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Instrument: “Case Management Guidelines for NOC Applications”, further to the Patented Medicines (Notice of Compliance) Regulations, SOR/93-133 (as am.) (the Regulations)
Date released: Presented 12 May 2016 at CBA IP Day Town Hall; on the Federal Court website 20 May 2016
The Federal Court has introduced new guidelines for the case-management of prohibition applications under the Regulations. The new guidelines were presented by Chief Justice Crampton, Justice Manson, and Prothonotary Tabib at the Canadian Bar Association’s 2016 IP Day Town Hall meeting. They build upon a practice direction that has been in effect for proceedings of this kind since 7 January 2008 and outline procedures that emphasise early scheduling, strict time management, narrowing of issues, and limiting the amount of material to be reviewed by hearing judges. They also introduce a general rule that all Federal Court cases (including infringement/impeachment and section 8 actions) will be heard on a fixed-end basis.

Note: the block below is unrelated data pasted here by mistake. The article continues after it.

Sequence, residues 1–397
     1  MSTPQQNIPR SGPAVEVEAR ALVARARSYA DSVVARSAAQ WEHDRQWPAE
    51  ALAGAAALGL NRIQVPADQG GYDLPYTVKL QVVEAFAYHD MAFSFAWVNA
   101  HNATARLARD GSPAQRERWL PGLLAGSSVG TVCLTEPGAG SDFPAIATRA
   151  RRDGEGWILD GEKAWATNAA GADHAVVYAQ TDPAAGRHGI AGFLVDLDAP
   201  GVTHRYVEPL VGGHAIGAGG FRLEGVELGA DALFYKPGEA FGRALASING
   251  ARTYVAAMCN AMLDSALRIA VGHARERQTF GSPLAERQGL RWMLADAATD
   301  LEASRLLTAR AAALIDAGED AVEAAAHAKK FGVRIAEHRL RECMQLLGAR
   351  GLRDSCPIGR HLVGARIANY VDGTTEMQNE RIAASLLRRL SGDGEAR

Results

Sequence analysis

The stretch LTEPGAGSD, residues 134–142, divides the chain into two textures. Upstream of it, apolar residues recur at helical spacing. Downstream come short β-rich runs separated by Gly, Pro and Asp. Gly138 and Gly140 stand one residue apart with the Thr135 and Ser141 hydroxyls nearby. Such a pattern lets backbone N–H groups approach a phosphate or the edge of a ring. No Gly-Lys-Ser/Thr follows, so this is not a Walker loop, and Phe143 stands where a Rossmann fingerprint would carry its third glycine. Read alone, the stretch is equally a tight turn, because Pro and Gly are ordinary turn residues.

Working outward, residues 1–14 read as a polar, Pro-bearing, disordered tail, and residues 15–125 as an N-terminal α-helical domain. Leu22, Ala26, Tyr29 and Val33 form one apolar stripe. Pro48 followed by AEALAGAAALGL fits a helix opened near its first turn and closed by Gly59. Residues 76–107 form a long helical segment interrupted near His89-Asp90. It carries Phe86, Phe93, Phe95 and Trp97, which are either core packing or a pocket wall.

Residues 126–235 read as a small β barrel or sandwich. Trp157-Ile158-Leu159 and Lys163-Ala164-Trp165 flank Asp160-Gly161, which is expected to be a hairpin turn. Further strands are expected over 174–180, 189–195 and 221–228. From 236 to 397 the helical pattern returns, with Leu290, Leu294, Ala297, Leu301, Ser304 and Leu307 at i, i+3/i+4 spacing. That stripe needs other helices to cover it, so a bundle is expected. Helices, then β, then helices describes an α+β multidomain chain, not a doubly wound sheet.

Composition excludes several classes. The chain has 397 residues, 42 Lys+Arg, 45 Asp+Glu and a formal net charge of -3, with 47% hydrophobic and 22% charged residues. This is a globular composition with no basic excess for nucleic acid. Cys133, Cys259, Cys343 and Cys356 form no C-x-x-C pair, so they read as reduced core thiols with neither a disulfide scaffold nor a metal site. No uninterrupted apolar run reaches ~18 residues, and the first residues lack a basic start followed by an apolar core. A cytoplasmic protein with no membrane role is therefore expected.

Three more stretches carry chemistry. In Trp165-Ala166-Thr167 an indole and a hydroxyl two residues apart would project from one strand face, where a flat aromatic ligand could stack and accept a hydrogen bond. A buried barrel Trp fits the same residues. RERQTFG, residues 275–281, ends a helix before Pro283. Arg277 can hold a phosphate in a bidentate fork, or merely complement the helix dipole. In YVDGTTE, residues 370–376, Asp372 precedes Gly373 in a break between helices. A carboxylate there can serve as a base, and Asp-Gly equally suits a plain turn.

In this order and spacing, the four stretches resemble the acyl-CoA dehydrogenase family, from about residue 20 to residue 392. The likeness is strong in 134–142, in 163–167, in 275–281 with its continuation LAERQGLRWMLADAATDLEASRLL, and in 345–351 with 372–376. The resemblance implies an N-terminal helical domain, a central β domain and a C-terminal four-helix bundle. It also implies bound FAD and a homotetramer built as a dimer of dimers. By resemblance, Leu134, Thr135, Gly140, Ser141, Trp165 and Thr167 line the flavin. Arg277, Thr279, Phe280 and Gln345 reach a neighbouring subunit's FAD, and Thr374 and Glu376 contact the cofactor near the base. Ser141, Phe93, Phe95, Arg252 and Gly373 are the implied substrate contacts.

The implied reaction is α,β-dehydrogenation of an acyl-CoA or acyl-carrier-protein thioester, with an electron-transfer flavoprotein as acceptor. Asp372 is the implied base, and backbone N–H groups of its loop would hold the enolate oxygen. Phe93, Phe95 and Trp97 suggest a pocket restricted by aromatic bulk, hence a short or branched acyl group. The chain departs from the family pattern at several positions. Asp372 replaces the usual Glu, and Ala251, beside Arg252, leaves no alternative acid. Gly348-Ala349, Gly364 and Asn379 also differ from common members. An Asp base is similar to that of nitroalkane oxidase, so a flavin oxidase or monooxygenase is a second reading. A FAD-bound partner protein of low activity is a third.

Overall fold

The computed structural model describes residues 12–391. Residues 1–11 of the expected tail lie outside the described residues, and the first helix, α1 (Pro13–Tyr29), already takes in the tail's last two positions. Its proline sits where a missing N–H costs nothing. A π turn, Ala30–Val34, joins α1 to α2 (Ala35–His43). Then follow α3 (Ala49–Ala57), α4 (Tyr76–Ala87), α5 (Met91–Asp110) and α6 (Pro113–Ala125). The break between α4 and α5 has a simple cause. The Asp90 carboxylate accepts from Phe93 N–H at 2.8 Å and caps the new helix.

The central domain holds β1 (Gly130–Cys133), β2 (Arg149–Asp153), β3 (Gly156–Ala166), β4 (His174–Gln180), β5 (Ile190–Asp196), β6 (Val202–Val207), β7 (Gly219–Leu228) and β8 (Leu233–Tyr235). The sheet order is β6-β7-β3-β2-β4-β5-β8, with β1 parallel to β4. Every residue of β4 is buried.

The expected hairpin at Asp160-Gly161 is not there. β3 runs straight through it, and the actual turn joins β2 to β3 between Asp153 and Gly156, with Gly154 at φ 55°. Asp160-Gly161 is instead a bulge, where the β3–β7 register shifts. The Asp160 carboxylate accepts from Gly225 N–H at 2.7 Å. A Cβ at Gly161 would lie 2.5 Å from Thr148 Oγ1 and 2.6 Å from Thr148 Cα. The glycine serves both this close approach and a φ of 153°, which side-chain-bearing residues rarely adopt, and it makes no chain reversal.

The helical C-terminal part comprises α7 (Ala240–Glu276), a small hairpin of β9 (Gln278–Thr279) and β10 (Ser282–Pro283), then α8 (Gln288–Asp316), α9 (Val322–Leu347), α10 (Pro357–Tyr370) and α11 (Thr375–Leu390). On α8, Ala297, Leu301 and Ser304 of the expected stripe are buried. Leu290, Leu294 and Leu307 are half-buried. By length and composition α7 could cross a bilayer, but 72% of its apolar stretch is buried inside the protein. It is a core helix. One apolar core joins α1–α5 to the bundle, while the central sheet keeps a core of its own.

As explained at the Town Hall, these guidelines are effective immediately and apply to all new prohibition applications, as well as ongoing matters provided they are early enough in the process.
The new guidelines are not absolute, but will be applied by case-management and hearing judges in the absence of exceptional reasons for departing from this approach. In part, they reiterate the process already defined by the Regulations and familiar to litigants today. Among the new policies introduced, the following are highlights:
To access a complete copy of the new guidelines, as well as the previous practice direction, follow the links below.
Link to guidelines:
IMO 2020 is almost upon us. Readers are well aware of the impending switch to 0.5 percent fuel mandated by Annex VI of MARPOL which will cause an anticipated drop in HSFO demand, the potential hazards of new untested LSFO blends, the concerns around scrubber operations, the debate over open loop versus closed loop, and the myriad of other risks associated with the impending regulatory change.